In article <37171756.1552453 at news.ox.ac.uk>,
james.teo at chch.ox.ac.uk (Grushnik) wrote:
>> -- [ From Psyche-D: by Jesse S. Cook III * EMC.Ver #2.3 ] --
>> The 19 April 1999 issue of *Time* magazine contains an essay by
> Richard Dawkins that was "adapted from his introduction to Susan
> Blackmore's *The Meme Machine* (Oxford University Press)".
> Accompanying Dawkin's essay is a short article headed "Is the Mind
> Just a Vehicle for Virulent Notions?" in which it is stated that Susan
> Blackmore's book "goes so far as to suggest that we are our memes".
I'd like to think that I'm more than my memes, that I've got some degree of
self awareness or volition at work, but maybe "free will" is just another bad
meme;-) Actually I don't know why memes are continuously put forward as
infectious agents. That notion is a little negative. I'd prefer to think of
cultural units of selection in terms of form and function. The viral analogy
probably serves to show how memes can propgate in a population, but after
this it gets a tad distasteful. Is the meme of the "scientific method" yet
another infectious agent or does it serve a purpose?
I'd like to read Blackmore's book. I put it on that growing list alongside
fellow memeticists Aaron Lynch and Keith Henson. I've read some of William
Durham's _Coevolution: Genes, Culture and Human Diversity_ and he has
discussed memes (and the similar concepts of culturgens after Wilson and
Lumsden). Has anyone here heard of Richard Semon? His book _The Mneme_ dates
>> The article also says that "Stephen Jay Gould...dismisses the meme as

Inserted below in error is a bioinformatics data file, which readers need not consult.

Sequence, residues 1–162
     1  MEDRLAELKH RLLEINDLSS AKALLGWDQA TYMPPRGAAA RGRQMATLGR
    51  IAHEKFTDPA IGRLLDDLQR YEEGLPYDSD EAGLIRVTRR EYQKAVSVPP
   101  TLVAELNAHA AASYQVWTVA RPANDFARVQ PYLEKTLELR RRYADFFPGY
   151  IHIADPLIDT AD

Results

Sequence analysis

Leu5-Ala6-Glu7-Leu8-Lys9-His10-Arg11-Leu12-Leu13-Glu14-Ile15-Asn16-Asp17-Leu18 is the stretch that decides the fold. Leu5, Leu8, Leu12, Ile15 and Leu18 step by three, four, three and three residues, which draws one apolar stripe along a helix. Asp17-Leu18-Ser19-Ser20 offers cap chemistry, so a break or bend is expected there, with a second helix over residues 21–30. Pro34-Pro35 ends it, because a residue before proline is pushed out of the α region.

> a 'meanless metaphor'" and quotes H. Allen Orr, an evolutionary
> geneticist, as saying: "I think memetics is an utterly silly
> idea...It's just cocktail-party science."
How should cultural evolution be operationalized then? I have respect for
Gould, but I'm not sure of his dismissal. I do grant that memetics is
probably plagued with serious methodological issues. I definitely wouldn't go
jumping on any bandwagons.
>> Later it says: "Blackmore, taking the theory to its logical
> conclusion, suggests memes account for the evolution of culture [and],
> also, for consciousness itself. The mind, in Blackmore's scheme of
> things, is little more than a nest of memes."
>Evolution of culture, maybe, but consciousness? I dunno.
>> This is follwed by some quotes from Daniel Dennett and then this: "One
> advantage of memes over tradition, Dennett points out, is that it can
> explain consciousness without resorting to a little man in the back of
> the head calling all the shots."
When does the individual person come into play? Taken to the extreme: Are we
just selfless vehicles for our selfish genes and memes?
>> The article then points out that Steven Pinker does not "accept the
> nest-of- memes view of consciousness. 'To be honest, I don't even
> know what that means,' admits Pinker. The problem, he says, is that
> memetics assumes [that] the brain is essentially passive...It doesn't
> account for the self that responds subjectively, that feels sensations
> such as love, envy, and pain. 'Babies are conscious,' he points out.
> '...And their minds have not been infected by memes.' "
>Pinker could be right in pointing this out.
>> I'm inclined to believe that 'self' is made up of memes, but I am hazy
> about how the definition of consciousness used, can be described as
> memetic. Sounds like a typical Time article now.
Yeah, secondary sources, especially your run of the mill newsstand fillers,
are probably not the best place to look.
I'd be inclined to believe that memes and genes influence whatever "self"
might be, but they are not "self". Maybe this would represent the difference
between a deterministic epigenetics and a probabilistic epigenetics. I have
this off the wall notion of something called "volition", but I'm unsure of
how you put this sort of thing into a rigid scientific or even philosophical
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